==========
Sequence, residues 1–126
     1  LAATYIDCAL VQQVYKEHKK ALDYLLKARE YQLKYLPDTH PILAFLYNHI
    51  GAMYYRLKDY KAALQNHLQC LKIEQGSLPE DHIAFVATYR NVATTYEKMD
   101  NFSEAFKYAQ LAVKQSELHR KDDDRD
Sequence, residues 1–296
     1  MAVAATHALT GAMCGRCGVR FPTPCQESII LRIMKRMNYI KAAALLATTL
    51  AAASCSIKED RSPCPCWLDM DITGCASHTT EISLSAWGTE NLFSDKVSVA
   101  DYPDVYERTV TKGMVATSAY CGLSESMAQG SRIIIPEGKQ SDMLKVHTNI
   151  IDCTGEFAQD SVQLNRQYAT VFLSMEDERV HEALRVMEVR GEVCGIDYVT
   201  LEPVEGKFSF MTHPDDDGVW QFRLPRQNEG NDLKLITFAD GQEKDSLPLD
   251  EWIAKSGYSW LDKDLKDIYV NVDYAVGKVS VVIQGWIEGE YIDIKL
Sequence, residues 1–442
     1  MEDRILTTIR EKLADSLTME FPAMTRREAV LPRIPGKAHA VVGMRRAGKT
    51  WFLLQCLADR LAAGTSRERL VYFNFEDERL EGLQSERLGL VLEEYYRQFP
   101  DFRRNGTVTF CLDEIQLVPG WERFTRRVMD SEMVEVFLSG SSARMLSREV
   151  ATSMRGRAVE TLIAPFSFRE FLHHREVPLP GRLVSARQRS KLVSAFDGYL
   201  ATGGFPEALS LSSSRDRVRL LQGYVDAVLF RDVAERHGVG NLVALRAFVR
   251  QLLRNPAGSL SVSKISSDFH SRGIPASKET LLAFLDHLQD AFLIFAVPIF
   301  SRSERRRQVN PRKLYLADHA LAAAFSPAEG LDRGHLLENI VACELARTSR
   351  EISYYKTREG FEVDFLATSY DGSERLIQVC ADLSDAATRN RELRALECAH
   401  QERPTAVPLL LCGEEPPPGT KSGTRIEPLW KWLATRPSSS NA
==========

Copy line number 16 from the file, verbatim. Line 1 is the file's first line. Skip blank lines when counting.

   151  ATSMRGRAVE TLIAPFSFRE FLHHREVPLP GRLVSARQRS KLVSAFDGYL